, pub-6663105814926378, DIRECT, f08c47fec0942fa0 How Dangerous Is Donald Trump 4289

How Dangerous Is Donald Trump

How Dangerous Is Donald Trump

His goal is ‘to make America great again’. The business mogul-turned Republican candidate, Donald Trump, formally launched his presidency campaign in June 2015. His critics scoffed, branding the Don as a cabaret act who was merely promoting his multi-billion empire. But seven months since he entered the political race, Donald Trump is at the top of the GOP polls. As of January 2016, he has a predicted 37% of the Republican vote, and is expected to win the Republican nomination.

As the polls rocket with every bigoted comment that he makes, congressmen from both sides of the political spectrum are shocked to see this caustic individual, and his dangerous views, edge ever closer to the White House. Property magnate Donald Trump is a newcomer to the political arena; he has never held political office. But Trump’s bombastic rhetoric and controversial policies have put him 11 points higher than second-place Republican candidate, Ted Cruz. His major campaign points include: a repeal of national healthcare, mass deportation of 11 million illegal immigrants, loosening of gun control in favor of the second amendment, deportation of all Syrian refugees, and a plan to build a ‘great wall’ between Mexico and the US, to reduce immigration.

But beneath this clownish demeanor, Trump’s actions are not at all funny. Playing on his adoring fans’ longstanding fear of liberal attitudes, Trump broadcasts dehumanizing language towards minorities, in order to score political points. In the wake of November 2015’s terrorist attacks in Paris, Beirut, and San Bernardino in California, Trump announced his most controversial promise yet. Critics like journalist Julia Hartley-Brewer are wary of this shrewd businessman’s tactics. She argues that Trump is well aware that a ban on the world’s 1.2 billion Muslims will never happen. But disparaging announcements like this will nonetheless act as ammunition for his campaign – and stir up racial tensions.

The so-called ‘menace to American conservatism’ has caused outrage even among the most right wing members of his own party. Republicans like former vice-president Dick Cheney have denounced Trump’s extreme anti-immigration policy. The former New Jersey Governor, Christine Todd Whitman, is not the first to compare Trump’s political success to that of Nazi f├╝hrer Adolf Hitler.

Whitman has condemned Trump’s fascist rhetoric, while the media has pounced on his decree to create an Islam database and special ID cards to monitor US Muslims. This oppressive policy has harrowing echoes to Nazi Germany. Throughout Hitler’s rule in the 1930s and 40s, the Jewish population and other minority groups were forced to wear ID badges, to shame and identify the wearer. This badge of shame was one of the first steps that eventually led to the extermination of 6 million Jews in the holocaust. But if this wildcard did make it to the White House, would Trump follow through on these promises – or is it just a lot of hot air?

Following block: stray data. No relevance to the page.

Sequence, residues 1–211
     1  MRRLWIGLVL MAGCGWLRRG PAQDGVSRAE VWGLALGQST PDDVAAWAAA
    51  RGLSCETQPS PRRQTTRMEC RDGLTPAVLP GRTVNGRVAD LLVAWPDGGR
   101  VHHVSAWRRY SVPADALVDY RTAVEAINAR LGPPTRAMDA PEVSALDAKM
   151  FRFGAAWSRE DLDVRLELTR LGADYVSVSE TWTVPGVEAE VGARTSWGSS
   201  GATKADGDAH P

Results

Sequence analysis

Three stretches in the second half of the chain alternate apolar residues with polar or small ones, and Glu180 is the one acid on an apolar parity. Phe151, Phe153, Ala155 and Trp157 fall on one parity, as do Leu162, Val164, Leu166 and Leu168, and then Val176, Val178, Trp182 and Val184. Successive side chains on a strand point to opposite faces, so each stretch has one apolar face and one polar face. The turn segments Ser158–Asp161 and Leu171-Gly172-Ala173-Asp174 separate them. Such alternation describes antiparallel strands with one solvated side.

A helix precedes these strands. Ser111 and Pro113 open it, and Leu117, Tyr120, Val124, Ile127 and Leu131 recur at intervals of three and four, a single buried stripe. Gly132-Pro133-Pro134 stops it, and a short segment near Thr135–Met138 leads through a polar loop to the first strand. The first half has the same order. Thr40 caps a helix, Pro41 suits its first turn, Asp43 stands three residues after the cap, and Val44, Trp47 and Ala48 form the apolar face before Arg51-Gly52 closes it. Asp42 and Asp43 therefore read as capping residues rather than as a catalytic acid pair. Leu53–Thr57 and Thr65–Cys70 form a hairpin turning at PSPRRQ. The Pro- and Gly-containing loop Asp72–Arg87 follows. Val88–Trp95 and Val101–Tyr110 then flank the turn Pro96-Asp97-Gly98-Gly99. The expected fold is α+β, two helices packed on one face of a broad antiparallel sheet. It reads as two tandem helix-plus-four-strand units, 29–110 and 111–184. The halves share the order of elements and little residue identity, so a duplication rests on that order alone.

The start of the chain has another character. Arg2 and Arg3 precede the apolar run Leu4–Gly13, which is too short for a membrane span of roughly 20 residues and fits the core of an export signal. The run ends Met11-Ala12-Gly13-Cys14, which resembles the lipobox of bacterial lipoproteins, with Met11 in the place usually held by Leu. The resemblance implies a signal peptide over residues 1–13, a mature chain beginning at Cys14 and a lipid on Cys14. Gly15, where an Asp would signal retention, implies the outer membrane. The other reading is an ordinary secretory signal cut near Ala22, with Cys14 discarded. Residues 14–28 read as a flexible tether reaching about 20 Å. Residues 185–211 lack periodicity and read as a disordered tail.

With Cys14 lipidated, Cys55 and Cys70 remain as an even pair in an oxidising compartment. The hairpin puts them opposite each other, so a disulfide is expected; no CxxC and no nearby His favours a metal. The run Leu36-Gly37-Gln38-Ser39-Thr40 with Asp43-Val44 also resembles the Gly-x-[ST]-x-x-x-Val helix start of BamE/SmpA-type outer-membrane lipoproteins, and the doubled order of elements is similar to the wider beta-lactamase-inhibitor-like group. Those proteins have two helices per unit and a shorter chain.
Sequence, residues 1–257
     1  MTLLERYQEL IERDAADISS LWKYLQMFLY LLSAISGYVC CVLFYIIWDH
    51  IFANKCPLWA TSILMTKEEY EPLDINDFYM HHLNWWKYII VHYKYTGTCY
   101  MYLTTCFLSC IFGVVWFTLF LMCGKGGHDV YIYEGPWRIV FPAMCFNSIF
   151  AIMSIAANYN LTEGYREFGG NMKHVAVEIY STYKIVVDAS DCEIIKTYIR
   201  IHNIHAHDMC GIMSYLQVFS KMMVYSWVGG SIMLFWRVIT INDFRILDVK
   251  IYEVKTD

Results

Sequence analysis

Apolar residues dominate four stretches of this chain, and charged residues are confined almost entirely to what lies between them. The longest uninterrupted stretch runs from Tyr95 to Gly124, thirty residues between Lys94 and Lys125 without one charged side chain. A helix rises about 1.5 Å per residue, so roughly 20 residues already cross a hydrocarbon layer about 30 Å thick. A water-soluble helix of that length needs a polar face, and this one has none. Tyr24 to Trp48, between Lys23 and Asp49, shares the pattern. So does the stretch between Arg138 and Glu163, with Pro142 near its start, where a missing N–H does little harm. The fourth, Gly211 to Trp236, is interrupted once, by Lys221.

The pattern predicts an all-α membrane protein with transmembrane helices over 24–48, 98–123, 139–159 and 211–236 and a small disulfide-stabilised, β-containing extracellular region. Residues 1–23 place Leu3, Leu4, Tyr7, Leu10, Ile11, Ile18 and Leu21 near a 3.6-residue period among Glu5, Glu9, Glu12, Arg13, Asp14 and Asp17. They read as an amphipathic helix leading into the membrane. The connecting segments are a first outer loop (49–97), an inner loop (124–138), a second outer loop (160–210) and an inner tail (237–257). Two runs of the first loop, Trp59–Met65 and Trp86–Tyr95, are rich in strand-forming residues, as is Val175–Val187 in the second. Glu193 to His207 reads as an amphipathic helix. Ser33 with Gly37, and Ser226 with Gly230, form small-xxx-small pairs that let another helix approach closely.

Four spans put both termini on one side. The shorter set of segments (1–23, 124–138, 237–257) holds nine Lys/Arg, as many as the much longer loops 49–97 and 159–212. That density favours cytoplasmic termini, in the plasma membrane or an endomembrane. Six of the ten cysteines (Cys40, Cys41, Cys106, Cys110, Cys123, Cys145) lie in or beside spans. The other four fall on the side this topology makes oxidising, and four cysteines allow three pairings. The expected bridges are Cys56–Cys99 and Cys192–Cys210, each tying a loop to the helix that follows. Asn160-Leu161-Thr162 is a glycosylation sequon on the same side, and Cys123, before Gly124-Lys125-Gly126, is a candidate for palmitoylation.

American history expert Brian Balogh predicts that after all his minority-bashing, a Trump presidency would be a difficult and embarrassing affair for this politically inexperienced frontrunner. Trump’s extreme policies would first have to be agreed with, among a Republican majority within Congress. This means that his controversial tax and anti-immigration policies will be extremely problematic – and according to leading economists like Alan Blinder, several of Trump’s policies would be financially unachievable.

However, Trump’s divisive immigration specifics could still have a significant impact on America’s increasingly Islamophobic society - and this will make it harder for minorities of all backgrounds to settle in the “land of the free”. Under the Obama administration, America has already tightened its borders for Iranian and other Middle East citizens, to prevent potential extremists from entering the country. And Trump’s hate speech is contributing to this division. Even if presidency isn’t on the horizon, the effects of Trump’s racist agenda are already being felt across the country.

Donald Trump’s strategy is to use his media platform to aggravate American communities with a barrage of extreme remarks. His most receptive fan base is low-income Republicans. Part of this group agreeably blame minorities for the faults within society – rather than the politicians in charge. But there are worse outcomes that could arise from Trump’s actions. According to political think tank policy director, Jonathan Russell, Trump’s announcement to “cut the head off ISIS” is an ignorant move.

In accordance with his anti-Muslim talk, Trump’s proposed attack on the terror group will in fact contribute to Islamist radicalisation. Russell claims that Trump will breed a discourse whereby Muslims feel increasingly ostracized in their own country, and thus turn to extremism. This will effectively put America at a greater risk from terrorist attacks. In the meantime, the champion for the far-right continues to air his white-supremacist views, normalizing racist attitudes for an ogling nation. Political journalist Heather Parton even argues that the racial tensions that Trump has caused serve only to convince the electorate to make America white again.

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